Forest management had nothing to do with this disaster. The fire burned right through a whole bunch of already-burned-over privately-managed forest.

    And as far as wildfires here in California are concerned, we have been hit with a whole flock of black swan events.


  2. Oops — sorry about that long link. Should have buried it in a tag.

    Blame it on lack of coffee. (Got to point the finger somewhere.)

  3. Zen-fro Sven-dog Says:

    I feel for these folks, PG&E probably effed up, and climate change made it much worse. But it’s amazing that the entire town seems to have been built in what the late western writer, publisher, and pundit Ed Quillen called The Stupid Zone: someplace that WILL burn, sooner or later, and you’re stupid if you build there and/or if you don’t at least plan on fire coming for you. Furthermore, this Stupid Zone town is built stupidly: houses within forest, built out of non-fire-resistant materials, no defensible spaces surrounding them.

    It’s hardly the only place built like that. I suppose they will rebuild just like they did before…and eventually it will burn again.


    • Some additional depressing thoughts…

      What’s really horrifying is the fact that realtors and other “local yokels” have for years been encouraging retirees to move to Paradise and other settlements in that godawful western Sierra tinderbox. But when you are collecting a nice commission for every mountain hideaway you sell, who cares?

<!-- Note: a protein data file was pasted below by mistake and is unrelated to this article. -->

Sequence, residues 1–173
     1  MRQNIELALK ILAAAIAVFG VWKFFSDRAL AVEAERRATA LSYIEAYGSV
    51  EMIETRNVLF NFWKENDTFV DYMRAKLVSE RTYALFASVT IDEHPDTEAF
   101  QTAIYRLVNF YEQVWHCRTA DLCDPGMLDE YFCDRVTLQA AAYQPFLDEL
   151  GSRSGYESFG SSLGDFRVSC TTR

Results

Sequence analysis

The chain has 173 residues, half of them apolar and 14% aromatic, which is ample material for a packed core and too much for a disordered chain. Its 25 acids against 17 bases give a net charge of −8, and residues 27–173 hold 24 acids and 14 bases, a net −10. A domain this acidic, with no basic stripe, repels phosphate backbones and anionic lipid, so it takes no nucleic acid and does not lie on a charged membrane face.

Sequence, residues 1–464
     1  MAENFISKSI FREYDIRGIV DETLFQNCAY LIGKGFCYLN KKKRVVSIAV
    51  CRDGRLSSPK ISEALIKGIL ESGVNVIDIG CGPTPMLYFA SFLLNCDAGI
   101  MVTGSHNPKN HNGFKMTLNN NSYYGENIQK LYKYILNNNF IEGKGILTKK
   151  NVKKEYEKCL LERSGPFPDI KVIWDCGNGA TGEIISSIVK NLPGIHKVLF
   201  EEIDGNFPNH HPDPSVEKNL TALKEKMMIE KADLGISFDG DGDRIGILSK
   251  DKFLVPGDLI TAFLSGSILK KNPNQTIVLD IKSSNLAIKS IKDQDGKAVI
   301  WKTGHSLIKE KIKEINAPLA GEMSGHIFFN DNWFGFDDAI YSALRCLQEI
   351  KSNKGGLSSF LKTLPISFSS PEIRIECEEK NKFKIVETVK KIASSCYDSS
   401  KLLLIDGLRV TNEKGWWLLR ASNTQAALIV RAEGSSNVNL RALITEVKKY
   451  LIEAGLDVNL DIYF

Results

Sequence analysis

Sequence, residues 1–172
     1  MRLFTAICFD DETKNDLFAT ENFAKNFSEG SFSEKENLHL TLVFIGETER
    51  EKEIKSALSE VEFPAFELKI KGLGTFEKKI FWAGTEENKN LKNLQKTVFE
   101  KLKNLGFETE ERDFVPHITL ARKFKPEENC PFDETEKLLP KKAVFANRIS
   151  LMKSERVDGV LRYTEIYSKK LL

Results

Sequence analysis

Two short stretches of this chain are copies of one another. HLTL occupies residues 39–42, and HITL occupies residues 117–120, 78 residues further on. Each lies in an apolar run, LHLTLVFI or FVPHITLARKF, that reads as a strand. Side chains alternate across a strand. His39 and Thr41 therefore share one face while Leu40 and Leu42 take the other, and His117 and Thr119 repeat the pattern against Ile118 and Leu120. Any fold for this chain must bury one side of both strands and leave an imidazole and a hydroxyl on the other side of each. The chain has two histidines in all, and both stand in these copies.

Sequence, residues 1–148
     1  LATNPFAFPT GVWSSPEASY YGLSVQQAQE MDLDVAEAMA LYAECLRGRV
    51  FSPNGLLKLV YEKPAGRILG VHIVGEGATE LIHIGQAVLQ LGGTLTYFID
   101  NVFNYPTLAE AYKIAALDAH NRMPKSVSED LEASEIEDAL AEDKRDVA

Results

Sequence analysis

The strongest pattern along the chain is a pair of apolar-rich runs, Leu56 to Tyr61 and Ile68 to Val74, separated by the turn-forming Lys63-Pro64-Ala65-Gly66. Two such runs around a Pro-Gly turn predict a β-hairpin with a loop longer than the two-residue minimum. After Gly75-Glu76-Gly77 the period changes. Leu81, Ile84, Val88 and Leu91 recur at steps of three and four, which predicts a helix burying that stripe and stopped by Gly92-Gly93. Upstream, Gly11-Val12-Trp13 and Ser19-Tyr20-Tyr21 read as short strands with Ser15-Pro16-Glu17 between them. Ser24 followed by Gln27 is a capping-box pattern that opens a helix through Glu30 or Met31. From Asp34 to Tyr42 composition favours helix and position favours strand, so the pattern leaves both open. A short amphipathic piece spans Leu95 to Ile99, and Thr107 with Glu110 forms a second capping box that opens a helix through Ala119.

I’ve been all over the Sierra; the west side has turned into a giant fire-trap. It’s the *last* place where you want old folks who aren’t very mobile to be moving to. Or *anyone*, for that matter. Thanks in large part to climate-change, much of the western Sierra has been transformed into the equivalent of a highly-flammable high-rise building with no fire escapes.

      And it’s going to get worse. Far worse. Thousands of people who thought that they’d found their little paradise in the western Sierra forests will soon realize that they are trapped in homes they can’t insure, can’t sell and can’t afford to walk away from.

      Every summer and fall, they will be sleeping with one eye open. When the diablo winds kick up, they won’t be sleeping at all.

      For the Camp Fire, the latest number of the “unaccounted for” has exceeded 1,000 (and is likely to go higher). Even if the vast majority are found safe and sound, the ultimate death toll will be horrific.

      • dumboldguy Says:

        Yep, the greedy bastards have been encouraging people to move to “dangerous” places for as long as the idea of “get rich on OPM” has been around. Not just the western Sierra, but in South Florida, flood plains along rivers, and sea coasts everywhere—-remember NC 20?—the coalition of NC landowners, developers, builders, and Chambers of Commerce that insist NC will only have 20 cm of sea level rise by 2100 because they still have “oceanfront” property to sell and houses to build?

        As Sven-dog says, people who suffer from denial of scientific reality (and are protected by private and government “insurance”) will continue to build and live in the “Stupid Zone”, at least until they get burned-flooded-mudslided enough times that the whole charade collapses.

  4. Sir Charles Says:

    Very good article by Dana. But unfortunately too long and too difficult for that moron in chief.


Leave a Reply

Please log in using one of these methods to post your comment:

WordPress.com Logo

You are commenting using your WordPress.com account. Log Out /  Change )

Google+ photo

You are commenting using your Google+ account. Log Out /  Change )

Twitter picture

You are commenting using your Twitter account. Log Out /  Change )

Facebook photo

You are commenting using your Facebook account. Log Out /  Change )

Connecting to %s

%d bloggers like this: